The way a material transmits sound waves can reveal a lot about its properties. For instance, the lower the compressibilty of a medium, the faster sound waves will pass through it. In addition, a material undergoing a phase transition may attenuate sound more strongly, providing a signature of the change. Taking advantage of sound’s qualities as a material probe, two independent teams have used it to understand the properties of the so-called unitary Fermi gas [1, 2]. This form of quantum matter contains very strongly interacting fermions, and it is a model system for describing some superconductors and neutron stars. In their experiments, the researchers created the gas from a cloud of ultracold lithium atoms and explored the damping rate for sound waves in two regimes, showing that this rate reaches a universal lower quantum limit. The new findings may help scientists understand transport mechanisms in strongly interacting fermions found in condensed-matter or nuclear physics. Quarks, electrons, neutrons, and many types of atoms are fermions, but they have vastly different characteristics. An electron, for instance, is a charged, fundamental particle, while an atom like lithium-6 is a neutral, compound particle that’s more than ten thousand times heavier. However, even seemingly different fermionic systems can exhibit surprisingly similar behavior if the interactions between the particles are sufficiently strong. That’s why, for example, a tabletop experiment with a strongly interacting gas of atoms can be used to understand and predict certain properties of neutrons in a collapsed star. The unitary Fermi gas is a special case of this general idea. If a dilute gas of neutral fermionic atoms is cooled to nanokelvin temperatures, then quantum effects will dominate, and the fermions will spread out because they cannot occupy the same quantum state. However, if a sufficiently strong attractive interaction is induced between the atoms, then they can bind into tight molecules that behave as bosons and bunch together. For a sweet spot value of the interaction, the atoms will behave neither purely as fermions nor bosons but will instead form a new state of quantum matter. This state is the unitary Fermi gas, and it has the strongest interaction between fermions allowed by quantum mechanics. The unitary Fermi gas has very unusual transport properties. At low temperatures it can flow around obstacles with almost no friction [3], the hallmark of a perfect fluid. At lower temperatures still, it becomes a frictionless fluid, or superfluid [4]. The new studies examine what happens to sound waves as the unitary Fermi gas enters this superfluid phase. More specifically, they compare the observed behavior to that seen in the fermionic and bosonic versions of liquid helium, two traditional examples of a quantum fluid. Liquid helium-3 is fermionic, and when it nears its superfluid phase transition, sound waves passing through it experience a higher rate of damping. The opposite effect is seen in bosonic helium-4, in which the damping rate drops at the superfluid transition. Given that the particles in the unitary Fermi gas behave neither purely as fermions nor bosons, will the gas resemble either of the helium liquids, or will it behave as a new type of quantum fluid? The two groups addressed this question by analyzing sound waves transmitted through unitary Fermi gases of ultracold lithium-6 atoms in the vicinity of the superfluid transition temperature (Fig. 1). One group, led by Chris Vale of Swinburne University in Australia, studied sound waves with a relatively short wavelength. At these wavelengths, the superfluid phase is in the so-called collisionless regime, where sound waves are weakly damped by kicks from thermally excited particles [1]. The team focused two lasers with slightly different frequencies on a small region of a trapped atom cloud. This laser combination creates a density undulation in the gas, and by analyzing the momentum transferred to the gas for various frequency settings, the researchers could infer the damping rate of sound waves. They found that the damping rate drops suddenly when the gas transitions from the normal state to a superfluid. This feature agrees with the team’s theory calculations [1], and its size is strikingly similar to the decrease observed in bosonic helium-4. The other group, led by Martin Zwierlein at the Massachusetts Institute of Technology (MIT), Cambridge, focused on longer-wavelength sound waves [2]. In this “hydrodynamic” regime, the damping of sound waves occurs through a diffusive exchange of momentum and heat with the surrounding gas. The team used several overlapping laser beams to trap the gas in a rectangular “box”, ensuring that the gas had a uniform density throughout the trap and that the properties of sound waves were the same everywhere. The researchers excited a sound wave that travels across the gas by effectively “tapping” one side of the box (see Making Waves in a “Glass” Full of Atoms.) They then imaged the atomic density to directly observe the wavelength and damping rate of the traveling wave. Cooling the gas through the superfluid phase transition, they found a gradual dropoff in the diffusive damping rate of sound waves. Eventually, the diffusion coefficient (which factors into the damping rate) approached a quantum limit of ∼ℏ∕m, where ℏ is Planck’s constant and m is the lithium atom’s mass. Theoretical work also predicts a lower limit on the diffusion coefficient. The value of this limit is set by the Heisenberg uncertainty principle, which prevents diffusion from becoming arbitrarily slow [5]. The same universal value has been observed in strongly interacting bosonic helium-4. But unlike helium-4, the unitary Fermi gas in the hydrodynamic regime of the MIT experiments showed no sudden dropoff in damping at the superfluid phase transition. This finding suggests that the damping mechanism in the unitary Fermi gas may involve the breaking of fermion pairs, which occurs in helium-3 but has no counterpart in bosonic helium-4. Taken together, the two studies show that the unitary Fermi gas shares certain “universal” characteristics with helium−3 and with helium–4. But it is not completely like one or the other. Finding such universalities is exciting because it links cold atoms to other fields of physics, while understanding the subtle deviations from universality will reveal the unique attributes of the unitary Fermi gas. To this end, it’s an achievement that these new experiments, as well as one reported last year [6], now allow sound waves to be measured in a region of homogeneous (uniform density) gas. The waves’ behavior can thus be determined with high precision, allowing a more useful comparison with theory and opening a new chapter in our understanding of strongly interacting quantum fluids. For instance, measurements of the diffusion coefficients near the superfluid phase transition might soon detect predicted critical-scaling effects [5, 7]. Already, predicted quantum bounds related to spin diffusion [8] and to sound propagation in a 2D system [9] have been observed in experiments. These data will help to identify and understand common mechanisms for quantum limited, or “Planckian,” transport [10], which has also been seen in high-temperature superconductors [11].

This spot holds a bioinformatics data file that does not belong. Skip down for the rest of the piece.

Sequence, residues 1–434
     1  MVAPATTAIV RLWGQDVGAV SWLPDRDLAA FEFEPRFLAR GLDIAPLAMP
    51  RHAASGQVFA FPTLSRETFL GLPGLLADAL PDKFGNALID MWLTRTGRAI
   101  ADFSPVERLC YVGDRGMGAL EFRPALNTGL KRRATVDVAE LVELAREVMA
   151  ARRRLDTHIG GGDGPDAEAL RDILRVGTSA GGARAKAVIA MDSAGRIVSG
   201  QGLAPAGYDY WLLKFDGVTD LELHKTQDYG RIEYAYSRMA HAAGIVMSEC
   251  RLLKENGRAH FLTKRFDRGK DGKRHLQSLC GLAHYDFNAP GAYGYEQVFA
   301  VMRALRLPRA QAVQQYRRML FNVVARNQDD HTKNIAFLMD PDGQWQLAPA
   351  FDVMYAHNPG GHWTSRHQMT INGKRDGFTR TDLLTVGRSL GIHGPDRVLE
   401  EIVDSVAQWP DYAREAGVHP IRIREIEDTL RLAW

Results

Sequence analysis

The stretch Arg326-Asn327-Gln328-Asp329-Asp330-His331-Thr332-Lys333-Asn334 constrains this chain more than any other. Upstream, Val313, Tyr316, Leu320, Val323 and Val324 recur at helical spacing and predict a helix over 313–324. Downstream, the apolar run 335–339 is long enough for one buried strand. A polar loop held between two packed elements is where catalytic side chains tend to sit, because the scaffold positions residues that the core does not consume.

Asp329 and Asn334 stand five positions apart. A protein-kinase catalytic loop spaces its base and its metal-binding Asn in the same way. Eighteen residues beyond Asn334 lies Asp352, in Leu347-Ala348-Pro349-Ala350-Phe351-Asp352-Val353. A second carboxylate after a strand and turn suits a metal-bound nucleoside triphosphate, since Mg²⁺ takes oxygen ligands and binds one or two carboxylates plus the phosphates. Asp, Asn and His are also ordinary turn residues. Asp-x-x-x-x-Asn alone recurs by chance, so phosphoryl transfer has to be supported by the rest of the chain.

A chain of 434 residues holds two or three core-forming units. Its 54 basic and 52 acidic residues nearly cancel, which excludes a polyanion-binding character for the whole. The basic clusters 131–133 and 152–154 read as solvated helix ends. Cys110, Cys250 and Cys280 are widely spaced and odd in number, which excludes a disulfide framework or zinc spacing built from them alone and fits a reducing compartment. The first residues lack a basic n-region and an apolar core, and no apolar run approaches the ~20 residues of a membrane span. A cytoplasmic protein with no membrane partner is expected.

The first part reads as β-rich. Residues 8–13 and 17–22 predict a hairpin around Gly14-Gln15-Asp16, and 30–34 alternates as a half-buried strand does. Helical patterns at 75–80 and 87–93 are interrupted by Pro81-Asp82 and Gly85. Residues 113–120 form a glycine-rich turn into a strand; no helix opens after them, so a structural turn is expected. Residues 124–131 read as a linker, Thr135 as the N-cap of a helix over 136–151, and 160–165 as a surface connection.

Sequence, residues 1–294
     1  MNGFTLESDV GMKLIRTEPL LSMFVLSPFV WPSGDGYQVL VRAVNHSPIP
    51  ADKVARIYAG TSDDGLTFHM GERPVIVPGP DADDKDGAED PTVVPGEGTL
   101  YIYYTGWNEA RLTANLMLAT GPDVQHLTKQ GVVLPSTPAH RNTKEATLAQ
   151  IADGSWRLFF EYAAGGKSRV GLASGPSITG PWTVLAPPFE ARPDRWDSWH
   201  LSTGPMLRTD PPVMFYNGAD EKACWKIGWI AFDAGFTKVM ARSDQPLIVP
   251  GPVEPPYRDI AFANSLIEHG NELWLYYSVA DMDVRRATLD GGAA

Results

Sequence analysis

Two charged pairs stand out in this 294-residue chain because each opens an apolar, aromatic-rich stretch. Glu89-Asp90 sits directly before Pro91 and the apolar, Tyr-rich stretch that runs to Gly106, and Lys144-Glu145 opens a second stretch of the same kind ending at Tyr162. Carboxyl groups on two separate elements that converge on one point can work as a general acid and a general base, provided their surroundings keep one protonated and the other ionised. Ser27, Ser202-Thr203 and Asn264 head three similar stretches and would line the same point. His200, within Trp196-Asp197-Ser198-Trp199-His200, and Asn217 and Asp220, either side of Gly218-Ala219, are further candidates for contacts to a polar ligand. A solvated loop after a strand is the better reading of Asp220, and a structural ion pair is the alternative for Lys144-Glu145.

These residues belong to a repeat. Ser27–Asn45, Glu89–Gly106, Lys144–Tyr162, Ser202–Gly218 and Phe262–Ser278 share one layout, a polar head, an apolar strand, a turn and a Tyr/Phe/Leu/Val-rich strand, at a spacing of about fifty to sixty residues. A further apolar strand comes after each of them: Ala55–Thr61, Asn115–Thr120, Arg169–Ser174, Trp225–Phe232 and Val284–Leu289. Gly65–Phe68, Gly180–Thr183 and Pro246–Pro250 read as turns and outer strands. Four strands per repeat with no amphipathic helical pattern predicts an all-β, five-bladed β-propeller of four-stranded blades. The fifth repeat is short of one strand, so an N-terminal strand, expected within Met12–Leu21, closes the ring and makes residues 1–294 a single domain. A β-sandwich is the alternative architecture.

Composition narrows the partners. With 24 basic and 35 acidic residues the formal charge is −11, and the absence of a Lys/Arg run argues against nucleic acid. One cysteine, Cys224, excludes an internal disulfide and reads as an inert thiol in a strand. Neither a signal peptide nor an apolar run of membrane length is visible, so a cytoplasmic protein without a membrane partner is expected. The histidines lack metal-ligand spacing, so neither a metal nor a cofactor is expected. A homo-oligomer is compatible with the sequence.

Read more

This entry was posted in Research. Bookmark the permalink.